At Seville parley, rabbis and imams agree to tackle hatred
SEVILLE, Spain - Jewish and Muslim religious and political leaders are establishing an interfaith task force that will lead the struggle against hatred of Jews and Muslims. The proposal was introduced yesterday at the opening of the Second World Congress of Imams and Rabbis for Peace, sponsored by Hommes de Parole, a Paris-based peace foundation.
The idea was formulated by the conference organizers in conjunction with Labor Party MK Rabbi Michael Melchior and Sheikh Imad al-Falouji, the chief imam of Gaza.
The second international conference of Jewish and Muslim clerics drew 72 rabbis and 72 imams from 34 countries.
At the opening ceremony yesterday, at one of Seville's ancient palaces, rabbis in black hats and coats sat alongside imams in gowns and conical hats, engaging in friendly conversation.
"I want to break the convention that religion creates problems," said Hommes de Parole founder Allain Michel. "Our object is to liberate religion from its abductors." Several conference participants noted yesterday that the forthright connection between rabbis and senior Muslim leaders takes on special significance in view of Hamas' rise to power in the Palestinian Authority.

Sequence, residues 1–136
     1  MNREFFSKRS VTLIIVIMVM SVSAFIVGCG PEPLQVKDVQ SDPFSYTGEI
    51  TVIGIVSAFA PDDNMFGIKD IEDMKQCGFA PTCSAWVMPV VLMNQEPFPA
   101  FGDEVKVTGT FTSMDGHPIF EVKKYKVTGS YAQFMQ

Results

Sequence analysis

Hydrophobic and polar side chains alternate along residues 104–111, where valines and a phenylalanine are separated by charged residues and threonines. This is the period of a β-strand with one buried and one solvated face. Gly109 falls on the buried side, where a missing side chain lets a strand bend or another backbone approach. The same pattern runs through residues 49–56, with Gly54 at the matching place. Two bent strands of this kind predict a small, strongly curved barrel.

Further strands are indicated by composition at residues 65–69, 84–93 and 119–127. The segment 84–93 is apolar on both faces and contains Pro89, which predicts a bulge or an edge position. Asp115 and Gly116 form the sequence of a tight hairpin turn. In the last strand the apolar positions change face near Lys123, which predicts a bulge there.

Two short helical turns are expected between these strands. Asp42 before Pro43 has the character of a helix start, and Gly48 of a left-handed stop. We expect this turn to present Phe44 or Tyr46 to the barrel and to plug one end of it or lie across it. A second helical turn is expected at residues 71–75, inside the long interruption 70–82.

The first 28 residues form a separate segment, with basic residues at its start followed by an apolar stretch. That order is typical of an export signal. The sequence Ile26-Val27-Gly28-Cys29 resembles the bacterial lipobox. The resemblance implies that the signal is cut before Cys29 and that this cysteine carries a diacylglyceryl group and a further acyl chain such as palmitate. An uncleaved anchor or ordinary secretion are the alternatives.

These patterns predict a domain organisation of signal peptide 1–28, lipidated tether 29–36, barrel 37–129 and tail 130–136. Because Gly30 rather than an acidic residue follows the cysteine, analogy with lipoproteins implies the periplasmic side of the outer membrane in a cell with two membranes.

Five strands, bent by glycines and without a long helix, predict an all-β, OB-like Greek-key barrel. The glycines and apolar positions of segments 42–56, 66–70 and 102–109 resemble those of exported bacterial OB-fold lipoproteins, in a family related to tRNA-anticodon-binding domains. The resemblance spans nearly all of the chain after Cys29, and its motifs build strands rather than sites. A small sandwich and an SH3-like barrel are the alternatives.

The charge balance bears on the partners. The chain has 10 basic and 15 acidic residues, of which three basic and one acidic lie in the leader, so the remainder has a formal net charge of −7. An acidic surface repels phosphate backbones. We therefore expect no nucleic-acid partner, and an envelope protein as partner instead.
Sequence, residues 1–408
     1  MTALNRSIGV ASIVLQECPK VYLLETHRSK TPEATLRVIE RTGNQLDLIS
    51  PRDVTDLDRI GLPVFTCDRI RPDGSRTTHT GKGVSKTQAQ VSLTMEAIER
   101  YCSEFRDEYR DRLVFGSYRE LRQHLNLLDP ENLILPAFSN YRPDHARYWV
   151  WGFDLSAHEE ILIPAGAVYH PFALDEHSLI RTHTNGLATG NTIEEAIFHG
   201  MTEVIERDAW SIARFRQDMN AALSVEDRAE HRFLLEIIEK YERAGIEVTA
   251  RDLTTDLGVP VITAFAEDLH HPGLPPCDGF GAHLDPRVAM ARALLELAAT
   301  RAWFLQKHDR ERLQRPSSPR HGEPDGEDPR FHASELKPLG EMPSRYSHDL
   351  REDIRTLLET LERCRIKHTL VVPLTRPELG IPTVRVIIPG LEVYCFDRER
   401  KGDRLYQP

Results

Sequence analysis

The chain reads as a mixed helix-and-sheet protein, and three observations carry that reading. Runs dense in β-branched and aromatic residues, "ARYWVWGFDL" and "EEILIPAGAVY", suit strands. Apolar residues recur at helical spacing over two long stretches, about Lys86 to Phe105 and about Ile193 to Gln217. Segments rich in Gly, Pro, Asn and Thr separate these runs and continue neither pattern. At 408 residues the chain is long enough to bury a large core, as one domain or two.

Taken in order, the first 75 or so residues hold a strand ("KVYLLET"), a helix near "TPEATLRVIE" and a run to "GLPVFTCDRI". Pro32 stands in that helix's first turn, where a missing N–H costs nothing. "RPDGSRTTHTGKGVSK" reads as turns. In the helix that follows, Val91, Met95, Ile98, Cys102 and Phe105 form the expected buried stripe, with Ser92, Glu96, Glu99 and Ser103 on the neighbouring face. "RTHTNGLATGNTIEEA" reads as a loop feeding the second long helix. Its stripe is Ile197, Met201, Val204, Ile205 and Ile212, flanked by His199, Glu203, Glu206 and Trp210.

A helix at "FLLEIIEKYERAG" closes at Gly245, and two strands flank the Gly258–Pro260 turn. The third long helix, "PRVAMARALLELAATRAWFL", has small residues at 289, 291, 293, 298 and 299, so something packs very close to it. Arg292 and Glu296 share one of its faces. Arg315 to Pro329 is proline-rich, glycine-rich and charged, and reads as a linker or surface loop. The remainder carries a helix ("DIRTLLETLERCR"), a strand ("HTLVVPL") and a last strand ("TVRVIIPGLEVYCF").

The first World Congress of Imams and Rabbis took place last year in Brussels, Belgium. The current gathering in Seville includes for the first time a large group of Palestinian clerics from Gaza and the West Bank - about 20 were present. Sheikh Falouji, who heads the group, was among the founders of Hamas but withdrew from the organization and served as a Palestinian Authority minister.
The rabbinic delegation includes former chief rabbi Yona Metzger, whose speech at the opening ceremony recalled Spain's Golden Age, when relations between Judaism and Islam blossomed.
According to Michel, "it is actually the clerics, perceived by many as fiery and feeding extremism, who are capable of working for tolerance and promoting peace."
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